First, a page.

(2cz) Understanding Ion Transport and Thermodynamics in Electrochemical Systems for Energy and Separations
AIChE Annual Meeting
Sunday, November 13, 2022 - 1:00pm to 3:00pm
My research will seek to establish a comprehensive understanding of ion transport and thermodynamics in electrochemical systems towards the development of materials for addressing the energy and separation challenges of the 21st century.
My research has spanned a range of energy and separation materials connected by a common goal of understanding and modeling ion transport and thermodynamic behavior. At the University of Texas at Austin, my PhD. work with Dr. Joan Brennecke focused on the investigation of ionic liquid systems with an emphasis on ion pairing and microstructure formation. During this time, I worked closely with Dr. Brennecke to introduce high-throughput instrumentation into the lab for rapid mixture creation and characterization. These efforts involved the customization of a ChemSpeed automation robot that autonomously prepares and mixes viscous IL samples in an inert environment which will significantly increase productivity throughout the lab saving thousands of graduate student hours. Beyond expediting characterization, I developed a machine learning framework for predicting IL conductivity, viscosity, and density values using COSMO-RS sigma-profiles leading to a multidisciplinary collaboration with Dr. Mark Stadtherr and Dr. Michael Baldea designing, synthesizing and process modeling of new Ionic liquids for carbon capture.1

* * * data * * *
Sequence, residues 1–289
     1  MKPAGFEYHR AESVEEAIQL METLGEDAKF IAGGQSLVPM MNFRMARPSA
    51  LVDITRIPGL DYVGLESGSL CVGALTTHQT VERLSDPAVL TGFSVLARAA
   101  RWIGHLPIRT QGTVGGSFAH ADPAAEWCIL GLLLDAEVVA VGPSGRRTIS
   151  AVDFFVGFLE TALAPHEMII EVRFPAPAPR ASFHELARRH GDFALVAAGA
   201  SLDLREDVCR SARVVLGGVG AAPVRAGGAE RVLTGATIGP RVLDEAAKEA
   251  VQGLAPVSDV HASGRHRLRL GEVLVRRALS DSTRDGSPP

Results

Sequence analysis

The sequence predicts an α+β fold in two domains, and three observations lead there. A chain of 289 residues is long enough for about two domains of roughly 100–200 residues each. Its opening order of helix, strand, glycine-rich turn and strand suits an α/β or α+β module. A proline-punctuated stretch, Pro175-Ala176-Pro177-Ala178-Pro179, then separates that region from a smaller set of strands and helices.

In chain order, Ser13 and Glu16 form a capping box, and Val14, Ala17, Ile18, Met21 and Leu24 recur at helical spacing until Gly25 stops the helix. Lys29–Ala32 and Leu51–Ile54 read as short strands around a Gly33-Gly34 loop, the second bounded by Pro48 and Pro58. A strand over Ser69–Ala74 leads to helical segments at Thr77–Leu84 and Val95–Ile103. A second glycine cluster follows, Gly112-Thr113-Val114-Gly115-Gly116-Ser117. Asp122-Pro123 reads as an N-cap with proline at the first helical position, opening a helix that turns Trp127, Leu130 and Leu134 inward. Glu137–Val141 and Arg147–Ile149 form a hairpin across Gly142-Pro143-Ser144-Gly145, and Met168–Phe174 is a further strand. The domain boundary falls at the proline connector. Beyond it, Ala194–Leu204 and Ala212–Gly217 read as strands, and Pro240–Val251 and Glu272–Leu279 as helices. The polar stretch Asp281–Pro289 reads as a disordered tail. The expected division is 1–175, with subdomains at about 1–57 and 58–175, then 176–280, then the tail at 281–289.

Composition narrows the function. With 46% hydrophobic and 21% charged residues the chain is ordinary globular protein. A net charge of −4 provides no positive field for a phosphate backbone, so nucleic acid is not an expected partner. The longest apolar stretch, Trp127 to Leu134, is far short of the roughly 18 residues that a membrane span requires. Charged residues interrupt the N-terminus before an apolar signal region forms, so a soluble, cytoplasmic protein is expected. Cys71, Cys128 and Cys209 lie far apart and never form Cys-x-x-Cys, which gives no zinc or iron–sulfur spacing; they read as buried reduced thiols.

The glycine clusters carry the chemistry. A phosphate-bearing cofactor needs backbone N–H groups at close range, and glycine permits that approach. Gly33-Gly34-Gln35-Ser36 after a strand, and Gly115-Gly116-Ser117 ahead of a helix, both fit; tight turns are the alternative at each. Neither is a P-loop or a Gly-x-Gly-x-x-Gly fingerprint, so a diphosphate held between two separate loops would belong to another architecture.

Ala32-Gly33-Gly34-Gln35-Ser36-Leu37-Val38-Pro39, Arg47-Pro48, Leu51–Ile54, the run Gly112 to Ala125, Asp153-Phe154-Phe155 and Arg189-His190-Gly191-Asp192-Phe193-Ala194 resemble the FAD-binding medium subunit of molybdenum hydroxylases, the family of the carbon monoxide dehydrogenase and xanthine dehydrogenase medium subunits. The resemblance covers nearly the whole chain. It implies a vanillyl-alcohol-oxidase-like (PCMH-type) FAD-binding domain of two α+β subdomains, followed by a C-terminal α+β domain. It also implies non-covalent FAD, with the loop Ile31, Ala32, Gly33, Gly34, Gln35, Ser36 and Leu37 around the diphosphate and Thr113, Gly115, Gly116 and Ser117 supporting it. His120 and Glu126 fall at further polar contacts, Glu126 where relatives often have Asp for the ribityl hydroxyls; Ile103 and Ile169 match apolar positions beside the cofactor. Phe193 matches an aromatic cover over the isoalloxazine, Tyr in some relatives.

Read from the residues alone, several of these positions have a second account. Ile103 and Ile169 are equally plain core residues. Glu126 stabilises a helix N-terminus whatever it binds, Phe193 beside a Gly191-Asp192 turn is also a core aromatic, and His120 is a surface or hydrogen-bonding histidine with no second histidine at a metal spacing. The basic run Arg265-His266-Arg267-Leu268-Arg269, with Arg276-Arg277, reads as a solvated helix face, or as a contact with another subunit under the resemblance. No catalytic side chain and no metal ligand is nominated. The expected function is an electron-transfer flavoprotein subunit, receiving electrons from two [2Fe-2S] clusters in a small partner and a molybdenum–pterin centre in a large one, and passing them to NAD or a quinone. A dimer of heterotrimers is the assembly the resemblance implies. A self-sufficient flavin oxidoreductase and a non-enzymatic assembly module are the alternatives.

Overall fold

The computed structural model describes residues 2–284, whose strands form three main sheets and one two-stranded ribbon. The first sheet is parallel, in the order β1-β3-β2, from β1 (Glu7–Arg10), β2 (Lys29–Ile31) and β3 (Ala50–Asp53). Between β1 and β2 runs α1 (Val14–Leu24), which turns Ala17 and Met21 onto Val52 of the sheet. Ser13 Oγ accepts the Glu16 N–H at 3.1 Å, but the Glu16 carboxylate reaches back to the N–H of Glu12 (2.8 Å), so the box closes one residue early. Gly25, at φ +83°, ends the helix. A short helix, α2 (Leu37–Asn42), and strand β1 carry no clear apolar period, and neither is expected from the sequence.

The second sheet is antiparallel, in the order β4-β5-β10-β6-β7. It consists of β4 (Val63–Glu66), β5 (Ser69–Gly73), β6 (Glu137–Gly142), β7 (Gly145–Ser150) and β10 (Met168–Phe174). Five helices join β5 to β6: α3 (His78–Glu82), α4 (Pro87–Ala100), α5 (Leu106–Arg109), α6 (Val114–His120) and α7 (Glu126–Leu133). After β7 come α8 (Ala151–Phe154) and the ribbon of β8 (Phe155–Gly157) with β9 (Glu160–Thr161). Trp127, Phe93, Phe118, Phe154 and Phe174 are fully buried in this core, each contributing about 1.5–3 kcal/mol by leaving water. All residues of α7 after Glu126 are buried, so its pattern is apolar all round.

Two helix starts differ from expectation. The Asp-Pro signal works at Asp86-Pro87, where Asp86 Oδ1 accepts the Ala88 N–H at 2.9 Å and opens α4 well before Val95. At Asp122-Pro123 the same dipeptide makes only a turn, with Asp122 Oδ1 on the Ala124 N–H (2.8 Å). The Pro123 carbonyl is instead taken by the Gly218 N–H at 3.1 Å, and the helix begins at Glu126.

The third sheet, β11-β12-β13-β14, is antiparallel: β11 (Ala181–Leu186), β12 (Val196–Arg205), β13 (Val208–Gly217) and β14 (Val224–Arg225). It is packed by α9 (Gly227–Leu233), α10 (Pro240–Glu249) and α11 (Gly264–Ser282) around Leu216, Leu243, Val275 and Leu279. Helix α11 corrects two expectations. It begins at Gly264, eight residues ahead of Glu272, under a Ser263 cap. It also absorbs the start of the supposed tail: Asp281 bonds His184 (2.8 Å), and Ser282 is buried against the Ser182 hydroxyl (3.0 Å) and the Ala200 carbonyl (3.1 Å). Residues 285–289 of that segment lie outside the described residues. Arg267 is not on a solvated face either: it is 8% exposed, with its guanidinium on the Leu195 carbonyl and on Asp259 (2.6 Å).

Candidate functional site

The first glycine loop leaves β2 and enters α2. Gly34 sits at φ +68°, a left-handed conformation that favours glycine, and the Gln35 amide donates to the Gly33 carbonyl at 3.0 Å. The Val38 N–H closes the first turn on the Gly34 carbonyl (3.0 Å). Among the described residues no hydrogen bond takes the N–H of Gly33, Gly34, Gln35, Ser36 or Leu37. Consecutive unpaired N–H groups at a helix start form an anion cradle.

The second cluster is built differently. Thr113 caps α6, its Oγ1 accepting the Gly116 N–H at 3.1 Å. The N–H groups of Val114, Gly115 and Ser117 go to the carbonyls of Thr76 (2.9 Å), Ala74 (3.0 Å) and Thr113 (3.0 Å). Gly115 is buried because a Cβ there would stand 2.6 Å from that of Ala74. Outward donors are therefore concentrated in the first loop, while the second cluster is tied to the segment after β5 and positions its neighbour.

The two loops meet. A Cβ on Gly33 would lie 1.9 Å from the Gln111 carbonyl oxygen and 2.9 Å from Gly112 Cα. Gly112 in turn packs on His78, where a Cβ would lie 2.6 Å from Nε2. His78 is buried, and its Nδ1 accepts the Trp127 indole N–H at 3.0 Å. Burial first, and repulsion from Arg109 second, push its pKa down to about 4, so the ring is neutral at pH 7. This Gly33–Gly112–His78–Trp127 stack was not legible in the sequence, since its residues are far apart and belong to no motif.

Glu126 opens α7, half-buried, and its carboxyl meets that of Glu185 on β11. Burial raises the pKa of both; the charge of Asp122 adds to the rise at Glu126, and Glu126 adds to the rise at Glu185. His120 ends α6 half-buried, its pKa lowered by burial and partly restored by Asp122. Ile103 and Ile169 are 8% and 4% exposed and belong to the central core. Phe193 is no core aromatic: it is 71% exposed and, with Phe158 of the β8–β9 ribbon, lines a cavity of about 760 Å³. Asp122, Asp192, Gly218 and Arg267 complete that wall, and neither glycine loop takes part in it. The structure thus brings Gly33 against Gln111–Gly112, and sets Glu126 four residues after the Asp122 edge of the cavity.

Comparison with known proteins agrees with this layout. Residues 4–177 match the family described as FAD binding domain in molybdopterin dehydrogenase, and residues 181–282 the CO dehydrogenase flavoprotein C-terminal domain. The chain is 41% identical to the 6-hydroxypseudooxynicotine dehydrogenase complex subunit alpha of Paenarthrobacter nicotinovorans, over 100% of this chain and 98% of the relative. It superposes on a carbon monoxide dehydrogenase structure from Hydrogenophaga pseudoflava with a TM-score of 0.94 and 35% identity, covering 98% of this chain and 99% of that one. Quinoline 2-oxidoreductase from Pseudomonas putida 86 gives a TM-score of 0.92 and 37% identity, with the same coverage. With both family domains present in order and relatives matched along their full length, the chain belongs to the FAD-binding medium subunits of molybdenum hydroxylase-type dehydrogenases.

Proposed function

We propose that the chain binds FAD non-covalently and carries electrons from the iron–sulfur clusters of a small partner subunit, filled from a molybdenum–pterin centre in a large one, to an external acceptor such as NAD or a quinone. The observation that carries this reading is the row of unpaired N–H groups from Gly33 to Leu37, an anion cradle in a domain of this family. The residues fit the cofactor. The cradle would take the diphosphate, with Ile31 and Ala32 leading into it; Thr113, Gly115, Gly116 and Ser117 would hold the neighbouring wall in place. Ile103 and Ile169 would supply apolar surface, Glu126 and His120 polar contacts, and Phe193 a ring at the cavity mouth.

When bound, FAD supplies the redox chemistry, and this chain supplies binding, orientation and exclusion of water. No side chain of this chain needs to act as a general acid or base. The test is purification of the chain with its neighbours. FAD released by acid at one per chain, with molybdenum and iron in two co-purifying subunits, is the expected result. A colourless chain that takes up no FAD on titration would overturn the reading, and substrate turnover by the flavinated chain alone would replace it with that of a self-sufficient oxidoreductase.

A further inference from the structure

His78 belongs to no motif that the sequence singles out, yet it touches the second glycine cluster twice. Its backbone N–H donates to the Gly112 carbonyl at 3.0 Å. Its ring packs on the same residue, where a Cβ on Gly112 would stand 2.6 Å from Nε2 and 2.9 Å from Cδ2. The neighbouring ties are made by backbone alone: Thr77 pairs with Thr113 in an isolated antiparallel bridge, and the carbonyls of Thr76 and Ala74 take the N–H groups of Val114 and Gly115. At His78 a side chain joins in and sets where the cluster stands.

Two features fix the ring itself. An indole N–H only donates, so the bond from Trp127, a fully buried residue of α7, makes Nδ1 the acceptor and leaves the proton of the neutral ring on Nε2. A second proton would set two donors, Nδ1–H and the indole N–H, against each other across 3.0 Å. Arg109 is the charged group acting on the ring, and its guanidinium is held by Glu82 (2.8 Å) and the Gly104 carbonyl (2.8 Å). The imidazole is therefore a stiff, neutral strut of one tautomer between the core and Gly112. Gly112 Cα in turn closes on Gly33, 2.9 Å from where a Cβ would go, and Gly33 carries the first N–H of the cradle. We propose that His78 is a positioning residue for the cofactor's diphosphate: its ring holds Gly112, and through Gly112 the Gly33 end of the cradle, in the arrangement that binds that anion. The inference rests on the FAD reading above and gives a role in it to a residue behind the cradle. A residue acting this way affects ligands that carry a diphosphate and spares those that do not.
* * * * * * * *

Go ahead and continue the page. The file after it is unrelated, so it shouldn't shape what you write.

At the University of California Santa Barbara my postdoctoral research alongside Dr. Segalman and Dr. Raphaele Clement has focused on the application of advanced NMR techniques towards elucidating ion transport mechanisms in a range of polymer-based materials for both energy and water treatment processes including polymer electrolytes, mixed-ion conductors and polymer hydrogels. This research has enabled me to expand my research background beyond liquid electrolytes while learning an entirely set of characterization techniques.
Throughout my academic career I have sought teaching and mentorship opportunities. As an undergraduate at the University of Connecticut I was an inaugural fellow in the Undergraduate Teaching and Mentorship Fellow Program, serving as a teaching assistant for introductory to chemical engineering and kinetics. At the University of Texas, I served as a teaching assistant for undergraduate transport as well as separations, and was hired to TA separations on special department assignment for an additional semester beyond my graduate program requirements. Additionally, I served as a mentor for the National Science Foundation Center for Innovative and Strategic Transformation of Alkane Resources High School Research Fellows Program. As one of two primary mentors I worked with three high school students for 7 hours a day guiding them through a research project while teaching them scientific fundamentals.
My background in Chemical Engineering has prepared me to teach any of the core chemical engineering courses at the undergraduate and graduate levels. I would be particularly excited to teach thermodynamics and fundamentals of mass and energy transport. In addition to the core curriculum, I am interested in developing a course targeted towards graduate and advanced undergraduate students centered around understanding ion transport and thermodynamics electrochemical system emphasizing organic electrolytes.